The Bank of New Zealand moved to an online system last October called Hire.com, and already claims it is ahead of target in saving 20% in recruitment costs by its third year of operation.
Previously, the bank used recruitment agencies, newspaper advertisements and word-of-mouth to fill vacancies but found the process too slow, cumbersome and expensive.
BNZ culture and people manager Alison Fisher says it took six week to fill a role before, but now a job offer can be made within 16 days. The company is also on target to be shortlisting people for interview within three days.
Under the old system, a job would often go to the agency, who would place an ad in a newspaper. The job seeker would contact the agency, who would then draw-up a shortlist of three people for the bank departmental manager to interview. If word of mouth was used, the manager would collect CVs and call the applicants in.
But this dependency on agencies was too costly, Fisher says, and the bank wanted to gain “full control” of the recruitment process.
And despite the use of agencies, the bank would still receive 100 CVs a week, which would have to be replied to and stored in filing cabinets for a period.
Cost-reduction was a driving force behind a new system, along with speed-to-market, and the bank wanting its recruitment process to be as technologically advanced as its front-end customer services.
Hire.com, a Texas-made system sold in New Zealand by Haines Advertising, is a global product used by BNZ's National Bank of Australia parent and other sister banks worldwide.
Fisher says this system allows the bank to leverage applicants from Australia, the UK and Europe as it is used in its other banks. It fitted the bank’s aim in coping with the growing competition for talent; and added to the bank's website helped "brand" the bank as a technology-focused company.
Jobs are still advertised in newspapers, as well as on employment websites. On the BNZ site people can search for the job they want to apply for and are asked eight initial questions, looking at skills, experience and where candidates want to work.
“If it’s an IT role, for example, they might be asked about LAN experience," Fisher says. "There are competency questions and behavioural questions."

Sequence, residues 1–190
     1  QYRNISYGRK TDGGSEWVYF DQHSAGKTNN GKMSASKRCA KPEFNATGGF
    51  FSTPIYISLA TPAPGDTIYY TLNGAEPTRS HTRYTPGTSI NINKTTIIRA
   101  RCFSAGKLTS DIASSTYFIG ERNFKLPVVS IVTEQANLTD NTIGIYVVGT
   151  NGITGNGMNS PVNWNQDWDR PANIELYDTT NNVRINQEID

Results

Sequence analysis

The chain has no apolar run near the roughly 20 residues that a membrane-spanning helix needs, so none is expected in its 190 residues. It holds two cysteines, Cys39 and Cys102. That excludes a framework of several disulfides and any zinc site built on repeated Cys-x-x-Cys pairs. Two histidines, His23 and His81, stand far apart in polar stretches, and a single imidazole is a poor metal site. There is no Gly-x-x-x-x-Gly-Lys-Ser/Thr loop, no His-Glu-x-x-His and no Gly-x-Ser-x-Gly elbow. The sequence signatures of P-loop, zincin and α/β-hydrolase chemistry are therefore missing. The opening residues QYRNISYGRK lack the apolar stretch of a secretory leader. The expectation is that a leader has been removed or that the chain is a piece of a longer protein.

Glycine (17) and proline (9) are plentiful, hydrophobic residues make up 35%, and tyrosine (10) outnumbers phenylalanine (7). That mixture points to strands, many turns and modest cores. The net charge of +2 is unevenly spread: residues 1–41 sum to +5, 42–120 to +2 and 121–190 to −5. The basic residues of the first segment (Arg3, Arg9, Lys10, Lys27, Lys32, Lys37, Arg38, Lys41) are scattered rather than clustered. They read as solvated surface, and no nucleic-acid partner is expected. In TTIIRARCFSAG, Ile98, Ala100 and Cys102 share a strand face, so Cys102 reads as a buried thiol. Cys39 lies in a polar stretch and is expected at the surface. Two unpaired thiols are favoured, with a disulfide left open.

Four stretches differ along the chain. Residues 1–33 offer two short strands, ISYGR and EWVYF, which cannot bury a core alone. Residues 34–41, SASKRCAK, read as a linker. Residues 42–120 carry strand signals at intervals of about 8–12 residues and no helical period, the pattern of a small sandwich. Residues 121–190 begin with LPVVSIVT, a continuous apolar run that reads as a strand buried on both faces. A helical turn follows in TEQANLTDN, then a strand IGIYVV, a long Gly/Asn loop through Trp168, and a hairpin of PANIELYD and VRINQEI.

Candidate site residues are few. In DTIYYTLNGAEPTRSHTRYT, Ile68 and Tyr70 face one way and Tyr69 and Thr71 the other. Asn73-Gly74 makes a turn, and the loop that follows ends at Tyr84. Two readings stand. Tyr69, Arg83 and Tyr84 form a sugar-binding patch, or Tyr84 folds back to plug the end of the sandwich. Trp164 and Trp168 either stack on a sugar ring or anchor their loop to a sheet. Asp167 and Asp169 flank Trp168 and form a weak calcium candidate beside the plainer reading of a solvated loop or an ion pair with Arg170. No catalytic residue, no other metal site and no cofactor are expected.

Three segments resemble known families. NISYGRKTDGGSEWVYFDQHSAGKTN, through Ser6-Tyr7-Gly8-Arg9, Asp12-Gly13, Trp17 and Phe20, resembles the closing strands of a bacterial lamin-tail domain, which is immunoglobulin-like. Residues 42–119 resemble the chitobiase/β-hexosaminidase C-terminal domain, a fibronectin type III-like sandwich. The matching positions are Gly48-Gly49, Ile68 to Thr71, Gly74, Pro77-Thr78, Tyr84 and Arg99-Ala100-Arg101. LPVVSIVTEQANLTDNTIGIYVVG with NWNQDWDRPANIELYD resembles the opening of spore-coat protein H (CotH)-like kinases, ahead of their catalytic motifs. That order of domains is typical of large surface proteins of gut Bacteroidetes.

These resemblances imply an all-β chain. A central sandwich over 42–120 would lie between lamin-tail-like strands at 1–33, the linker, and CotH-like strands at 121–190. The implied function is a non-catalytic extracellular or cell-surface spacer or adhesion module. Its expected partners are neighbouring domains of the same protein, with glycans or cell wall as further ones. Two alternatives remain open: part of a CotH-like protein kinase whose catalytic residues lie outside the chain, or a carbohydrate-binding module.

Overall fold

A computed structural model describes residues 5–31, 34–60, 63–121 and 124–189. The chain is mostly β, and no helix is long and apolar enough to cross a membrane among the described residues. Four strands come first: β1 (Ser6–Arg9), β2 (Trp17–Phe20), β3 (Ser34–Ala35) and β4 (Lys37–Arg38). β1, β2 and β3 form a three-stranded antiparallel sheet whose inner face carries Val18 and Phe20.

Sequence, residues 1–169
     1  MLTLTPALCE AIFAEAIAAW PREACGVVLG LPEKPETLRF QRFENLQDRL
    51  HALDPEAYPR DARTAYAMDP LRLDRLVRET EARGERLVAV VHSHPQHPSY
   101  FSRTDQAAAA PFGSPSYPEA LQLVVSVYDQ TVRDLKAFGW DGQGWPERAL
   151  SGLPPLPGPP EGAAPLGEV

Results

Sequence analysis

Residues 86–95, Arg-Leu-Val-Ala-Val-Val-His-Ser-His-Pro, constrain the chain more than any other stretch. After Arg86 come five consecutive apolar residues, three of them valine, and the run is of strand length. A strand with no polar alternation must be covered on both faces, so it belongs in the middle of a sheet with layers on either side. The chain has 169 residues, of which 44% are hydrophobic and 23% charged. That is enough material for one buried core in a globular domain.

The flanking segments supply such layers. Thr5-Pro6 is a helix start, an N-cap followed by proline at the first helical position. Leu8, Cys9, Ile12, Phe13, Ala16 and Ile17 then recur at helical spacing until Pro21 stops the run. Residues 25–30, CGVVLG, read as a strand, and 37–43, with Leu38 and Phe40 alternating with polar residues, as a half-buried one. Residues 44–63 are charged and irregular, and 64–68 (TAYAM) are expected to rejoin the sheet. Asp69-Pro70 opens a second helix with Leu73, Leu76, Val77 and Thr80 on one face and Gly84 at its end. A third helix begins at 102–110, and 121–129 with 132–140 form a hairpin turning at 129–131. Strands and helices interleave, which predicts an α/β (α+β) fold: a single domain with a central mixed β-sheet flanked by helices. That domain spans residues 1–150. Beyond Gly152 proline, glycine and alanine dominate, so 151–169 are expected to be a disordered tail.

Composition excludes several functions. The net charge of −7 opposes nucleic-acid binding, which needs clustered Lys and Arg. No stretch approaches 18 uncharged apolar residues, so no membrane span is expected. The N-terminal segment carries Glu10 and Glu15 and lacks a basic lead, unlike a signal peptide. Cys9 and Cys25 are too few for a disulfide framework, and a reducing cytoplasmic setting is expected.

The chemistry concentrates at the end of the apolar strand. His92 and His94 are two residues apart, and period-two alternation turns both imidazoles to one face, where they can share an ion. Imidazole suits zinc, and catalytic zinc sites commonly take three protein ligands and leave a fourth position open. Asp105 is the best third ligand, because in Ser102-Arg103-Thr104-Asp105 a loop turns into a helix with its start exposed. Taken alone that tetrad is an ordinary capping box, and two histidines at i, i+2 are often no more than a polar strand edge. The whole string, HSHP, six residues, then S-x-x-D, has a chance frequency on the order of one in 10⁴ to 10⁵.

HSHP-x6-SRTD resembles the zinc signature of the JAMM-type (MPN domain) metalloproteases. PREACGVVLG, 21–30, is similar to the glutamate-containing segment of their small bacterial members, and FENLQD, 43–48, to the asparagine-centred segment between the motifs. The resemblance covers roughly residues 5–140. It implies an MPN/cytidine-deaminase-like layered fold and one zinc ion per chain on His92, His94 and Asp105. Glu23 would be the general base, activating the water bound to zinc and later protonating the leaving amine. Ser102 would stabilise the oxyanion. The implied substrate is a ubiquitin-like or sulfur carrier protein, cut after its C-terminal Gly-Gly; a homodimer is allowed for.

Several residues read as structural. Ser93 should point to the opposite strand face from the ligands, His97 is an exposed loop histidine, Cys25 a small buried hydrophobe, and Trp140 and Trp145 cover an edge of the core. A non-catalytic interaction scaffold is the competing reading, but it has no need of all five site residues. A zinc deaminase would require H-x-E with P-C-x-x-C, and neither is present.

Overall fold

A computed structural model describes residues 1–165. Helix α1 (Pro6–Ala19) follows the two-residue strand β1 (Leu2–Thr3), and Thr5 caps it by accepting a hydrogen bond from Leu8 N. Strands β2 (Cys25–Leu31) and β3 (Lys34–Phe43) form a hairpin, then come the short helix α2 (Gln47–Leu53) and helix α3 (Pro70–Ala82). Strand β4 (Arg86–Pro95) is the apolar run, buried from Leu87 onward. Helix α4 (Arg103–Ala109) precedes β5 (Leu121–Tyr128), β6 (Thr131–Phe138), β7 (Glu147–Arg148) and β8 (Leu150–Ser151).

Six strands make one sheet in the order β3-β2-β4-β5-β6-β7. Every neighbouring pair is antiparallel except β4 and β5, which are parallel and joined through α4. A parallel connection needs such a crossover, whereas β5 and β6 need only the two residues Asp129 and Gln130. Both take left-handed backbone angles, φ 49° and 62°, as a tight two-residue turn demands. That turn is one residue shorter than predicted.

If an applicants exceeds an 80% “pass rate” they get an email saying a manager will be in touch about an interview and the appropriate manager will also be emailed. If the applicants comes near the passmark, they will be told they have been placed in the “talent pool” and will be contacted when an appropriate vacancy comes up. Only if someone makes a total blunder, by applying for a job needing a driving licence when they do not have one, will they be rejected straight away.
The manager who received the successful applicants in his or her inbox will look at their details and attached CVs and draw up a shortlist for interview -- a process that can now take just 72 hours. And job offers can now made within 16 days of the job first being advertised.
Fisher says since the October launch, the new system has operated well. The bank is finding some jobs are more suited to this system than others, such as IT-related jobs, while other jobs, say more finance-focused, may be more suited to traditional executive search methods.
But the system is easy to use, with job ads loaded simply on to standard templates, and a decision made between the bank’s recruitment co-ordinators and the manager as to the most appropriate method of recruitment.
The cost savings have been ‘significant”, says Fisher, with the bank well ahead of its target of making 20% savings within three years.
“We are also amazed as to how the talent pool has grown so rapidly -- to 7000 candidates. People are looking at our site without us advertising. It is a far more effective way for us to manage applicants and we have refocussed the work of our HR staff,” she says.
But with these huge numbers, it is “a key challenge” for the bank to handle and respond appropriately to all these applicants, replying to them when you say you will and ensuring good customer service, Fisher says.